Mids: The mids on the K701/K702/Q701 have always been forward. However, due to the very large soundstage, they didn't come across as intimate. That large sense of space made the mids seem pushed back, even though they were actually forward in the mix compared to the bass and treble. The Q701's extra push in bass over the old K701 filled out the sound more, making the mids more natural than before. The Annie further improves on the mids by integrating them even more with the bass and treble. Due to the fuller, warmer sound signature, the mids are still forward, but not as distant due to a thicker sound. The mids are an absolute strength on the Annies. They remind me mostly of the HD650's mids, albeit with less intimacy due to the bigger soundstage. The HD650's strength is in the intimate mids due to a smaller, more closed in soundstage, placing the mids quite near you. The Annie's mids aren't HD650 special, but still fantastic.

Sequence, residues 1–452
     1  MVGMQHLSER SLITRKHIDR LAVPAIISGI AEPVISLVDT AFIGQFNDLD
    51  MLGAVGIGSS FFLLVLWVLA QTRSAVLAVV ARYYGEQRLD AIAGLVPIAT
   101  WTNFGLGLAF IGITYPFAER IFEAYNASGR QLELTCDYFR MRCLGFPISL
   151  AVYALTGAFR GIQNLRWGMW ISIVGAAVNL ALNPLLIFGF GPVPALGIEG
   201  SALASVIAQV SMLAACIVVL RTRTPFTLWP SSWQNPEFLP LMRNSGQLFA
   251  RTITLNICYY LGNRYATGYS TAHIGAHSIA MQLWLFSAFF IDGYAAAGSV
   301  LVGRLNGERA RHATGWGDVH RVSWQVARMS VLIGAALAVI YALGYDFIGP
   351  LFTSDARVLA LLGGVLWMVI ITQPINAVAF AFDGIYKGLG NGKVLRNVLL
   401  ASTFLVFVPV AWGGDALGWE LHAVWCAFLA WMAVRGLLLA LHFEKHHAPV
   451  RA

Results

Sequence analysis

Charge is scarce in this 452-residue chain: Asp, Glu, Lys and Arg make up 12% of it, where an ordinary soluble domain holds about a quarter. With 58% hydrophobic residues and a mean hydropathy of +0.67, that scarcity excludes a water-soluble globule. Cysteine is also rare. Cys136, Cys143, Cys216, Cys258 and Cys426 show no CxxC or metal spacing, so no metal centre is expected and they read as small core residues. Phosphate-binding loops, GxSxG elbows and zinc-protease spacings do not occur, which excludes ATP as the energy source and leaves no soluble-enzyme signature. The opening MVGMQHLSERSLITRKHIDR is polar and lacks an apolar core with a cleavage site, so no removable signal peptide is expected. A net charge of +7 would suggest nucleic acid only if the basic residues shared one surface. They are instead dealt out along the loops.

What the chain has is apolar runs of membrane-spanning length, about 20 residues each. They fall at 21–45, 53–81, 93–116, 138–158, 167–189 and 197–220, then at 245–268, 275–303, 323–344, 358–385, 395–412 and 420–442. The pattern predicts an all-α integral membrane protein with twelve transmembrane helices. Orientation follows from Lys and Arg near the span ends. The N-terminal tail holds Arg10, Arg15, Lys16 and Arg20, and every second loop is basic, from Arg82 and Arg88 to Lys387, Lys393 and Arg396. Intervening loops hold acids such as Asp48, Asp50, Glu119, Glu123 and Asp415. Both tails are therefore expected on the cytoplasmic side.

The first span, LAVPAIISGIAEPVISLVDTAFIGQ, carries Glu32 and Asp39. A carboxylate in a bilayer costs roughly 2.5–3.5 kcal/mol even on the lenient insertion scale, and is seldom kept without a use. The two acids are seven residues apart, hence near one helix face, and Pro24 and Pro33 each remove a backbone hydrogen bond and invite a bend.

The older models had some form of upper mid peak that caused some fatigue with certain music and the like. I personally have not heard any upper mid peak on the Annie, leading me to believe that the stronger bass, and warmer tone fleshed out and softened that peak to non-fatiguing levels. In this instance, the Annie shows what the Q701 would be like when perfected.


Treble: The treble to me, has been a strength for both the Q701 and Annie. Both are detailed, yet smooth, still packing energy without being fatiguing. As mentioned before, the fatiguing area of the older AKGs was in the upper mids, and not the treble.